The Cutprice Guignol

The Fifth Year: How to Get Away with Meh

Fifty Shades Freed: Chapter Five

Yes, I’m back with another recrap – after the monstrous awfulness that was Fifty Shades Darker the (barely) motion picture, I had to take a break for a little bit to swoon on to my fainting couch and get over all the outrageously sexy missionary position and massage oil. We left off last time with Christian and Ana having hissy sex, and we open with Ana waking up to Christian missing from the bed. He soon appears to soothe her;

“”Were you watching me sleep?”

“Yes,” he says gazing at me steadily, studying me […]”

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Man, for a show about two straight men, Hannibal is just the gayest thing

Christian tells Ana she was talking in her sleep, and they wide-eye at each other about how they need protecting etc (there was a fire at GreyCorp, set by an “unknown” assailant). Then, he drags her out of bed so they can go play on a jet-ski – and he even lets Ana drive! What a non-controlling and decent man he’s been all along, and not just in this book as EL tries to retcon his dramatic terribleness out of existence.  Ana manages to fuck up and throw them both off the jet-ski, whereupon Ana is, kind of obviously, damp;

“”I like you wet.” He leers.”

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“Leer” is not exactly a word I associate with, you know, sexy romance. I don’t know, is this just me? No matter how into the person I am, “leering” is just a word that connotates a creepy lechery that I don’t think we’re meant to associate with Christian. I mean, I do, but I don’t think I’m meant to.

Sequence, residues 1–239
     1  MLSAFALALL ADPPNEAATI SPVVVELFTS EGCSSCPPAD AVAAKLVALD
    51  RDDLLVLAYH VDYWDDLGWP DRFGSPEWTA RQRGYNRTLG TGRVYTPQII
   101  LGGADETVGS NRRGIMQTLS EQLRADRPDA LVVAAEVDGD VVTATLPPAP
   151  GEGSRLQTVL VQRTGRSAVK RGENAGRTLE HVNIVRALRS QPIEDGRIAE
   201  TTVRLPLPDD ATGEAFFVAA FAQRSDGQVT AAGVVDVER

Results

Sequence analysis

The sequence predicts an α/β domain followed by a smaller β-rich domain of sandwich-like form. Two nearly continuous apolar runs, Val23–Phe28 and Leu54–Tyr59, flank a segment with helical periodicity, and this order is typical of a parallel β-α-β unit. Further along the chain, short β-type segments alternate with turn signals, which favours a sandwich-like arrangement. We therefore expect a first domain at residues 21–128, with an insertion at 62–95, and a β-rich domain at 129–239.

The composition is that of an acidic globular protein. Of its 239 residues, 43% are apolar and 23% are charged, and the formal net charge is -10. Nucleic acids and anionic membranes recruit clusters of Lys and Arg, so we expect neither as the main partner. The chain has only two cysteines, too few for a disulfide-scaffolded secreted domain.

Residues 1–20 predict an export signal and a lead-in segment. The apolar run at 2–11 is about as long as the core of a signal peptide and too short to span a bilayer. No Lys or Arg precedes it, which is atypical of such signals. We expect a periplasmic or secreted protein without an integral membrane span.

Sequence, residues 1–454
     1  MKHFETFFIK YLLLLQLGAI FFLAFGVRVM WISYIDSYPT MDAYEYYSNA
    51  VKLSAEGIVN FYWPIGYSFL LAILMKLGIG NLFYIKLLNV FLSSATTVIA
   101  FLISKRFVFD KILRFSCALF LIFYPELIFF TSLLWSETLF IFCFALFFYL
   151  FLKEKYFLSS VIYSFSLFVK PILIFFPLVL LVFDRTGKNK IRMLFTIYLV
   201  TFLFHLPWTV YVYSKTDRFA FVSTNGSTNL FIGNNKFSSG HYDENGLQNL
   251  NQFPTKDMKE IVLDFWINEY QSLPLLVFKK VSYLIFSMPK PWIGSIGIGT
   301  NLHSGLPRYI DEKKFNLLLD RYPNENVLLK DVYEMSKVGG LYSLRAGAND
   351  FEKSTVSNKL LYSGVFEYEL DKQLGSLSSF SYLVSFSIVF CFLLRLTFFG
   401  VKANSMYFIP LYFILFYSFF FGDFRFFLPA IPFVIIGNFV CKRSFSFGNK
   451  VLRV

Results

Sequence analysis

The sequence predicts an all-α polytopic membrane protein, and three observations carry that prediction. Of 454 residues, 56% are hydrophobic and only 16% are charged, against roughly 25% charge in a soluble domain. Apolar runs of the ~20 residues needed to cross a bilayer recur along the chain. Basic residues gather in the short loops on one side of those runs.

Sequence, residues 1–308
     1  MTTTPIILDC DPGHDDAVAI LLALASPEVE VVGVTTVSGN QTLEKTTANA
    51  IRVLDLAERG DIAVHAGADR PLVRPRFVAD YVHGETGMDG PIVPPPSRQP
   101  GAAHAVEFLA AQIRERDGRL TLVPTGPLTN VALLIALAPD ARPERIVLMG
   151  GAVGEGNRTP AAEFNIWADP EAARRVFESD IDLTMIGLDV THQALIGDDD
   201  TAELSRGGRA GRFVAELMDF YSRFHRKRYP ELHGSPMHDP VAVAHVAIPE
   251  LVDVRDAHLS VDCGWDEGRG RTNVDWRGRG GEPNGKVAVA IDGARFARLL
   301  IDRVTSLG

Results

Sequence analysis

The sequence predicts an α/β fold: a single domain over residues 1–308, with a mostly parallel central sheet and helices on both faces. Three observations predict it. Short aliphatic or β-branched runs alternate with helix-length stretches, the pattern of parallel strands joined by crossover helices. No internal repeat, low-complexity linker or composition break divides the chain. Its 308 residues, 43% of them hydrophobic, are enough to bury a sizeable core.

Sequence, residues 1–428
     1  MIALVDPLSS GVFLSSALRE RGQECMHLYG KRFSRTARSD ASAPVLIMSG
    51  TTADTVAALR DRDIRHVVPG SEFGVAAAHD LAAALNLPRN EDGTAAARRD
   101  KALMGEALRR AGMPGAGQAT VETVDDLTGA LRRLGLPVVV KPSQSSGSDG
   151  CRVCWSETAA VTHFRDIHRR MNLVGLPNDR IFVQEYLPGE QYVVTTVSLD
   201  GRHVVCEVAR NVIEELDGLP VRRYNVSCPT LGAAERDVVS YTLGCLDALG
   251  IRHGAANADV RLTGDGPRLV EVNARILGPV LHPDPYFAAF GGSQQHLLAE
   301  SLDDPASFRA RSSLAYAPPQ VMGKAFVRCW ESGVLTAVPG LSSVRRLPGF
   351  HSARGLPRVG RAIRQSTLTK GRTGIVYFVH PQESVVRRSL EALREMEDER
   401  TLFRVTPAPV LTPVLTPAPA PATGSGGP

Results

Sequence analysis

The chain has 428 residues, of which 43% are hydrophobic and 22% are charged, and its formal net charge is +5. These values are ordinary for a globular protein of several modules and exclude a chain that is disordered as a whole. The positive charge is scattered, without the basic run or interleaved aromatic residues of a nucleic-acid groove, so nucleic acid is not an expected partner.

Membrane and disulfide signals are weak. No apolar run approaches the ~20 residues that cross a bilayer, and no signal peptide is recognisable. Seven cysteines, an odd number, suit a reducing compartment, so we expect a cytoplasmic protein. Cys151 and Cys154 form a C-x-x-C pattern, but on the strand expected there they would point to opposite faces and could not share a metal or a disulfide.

We cut to Ana and Christian in the airport, where Christian tells her that he wants to get the arsonist who attacked his building out of their lives for good.

“A shiver runs down my spine at his menacing tone. He gazes at me impassively, and I don’t know if he’s daring me to be flippant or what.”

Oh, come on. i get that Christian is meant to be sexy, powerful, and in-control, but once again, EL’s staggering lack of talent has it read as far more like creepy, controlling, and childish. They travel the rest of the way home, and Ana is outrageously exhausted after being up for three days straight while riding on the back of a camel from France all the way back to Seattle (including through the actual ocean). Oh, wait;

“Travelling is exhausting, even in first class. We’ve been up for more than eighteen hours straight, I think—in my fatigue I’ve lost track.”

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Ellie, for you

Eighteen hours?! Fuck off. I have really excitingly shit bouts of insomnia throughout the winter, and my record is about thirty hours, and that was spent probably working, going to class, and trying to stop the cat from licking my fingers while I wrote an essay or something. But yeah, eighteen hours in first class. How is she even alive? Do humans work that way? Christian has to carry her into the house lest we forget that Ana is an actual child, and we’re finally done with the interminable honeymoon bullshit. Christian obviously comments on the fact that Ana has put on weight, because he’s a great guy and knows the needs of women innately and better than your husband does. He says that it’s good, because Ana lost weight when she left him back at the start of the first book or whatever. They snog in the lift, then drink some champagne, and we fade to black on Christian telling her he wants to hit that (not the words he uses, but if only).

Ana wakes in the night thanks to the new timezone, and thinks about how they’ve only been together three months but they’re married and stuff. Then, she admires Christian’s beauty in this bizarre description-

“He looks so young and carefree in his sleep, his long lashes fanned against his cheek, a light smattering of stubble covering his jaw, and his sculptured lips slightly parted.”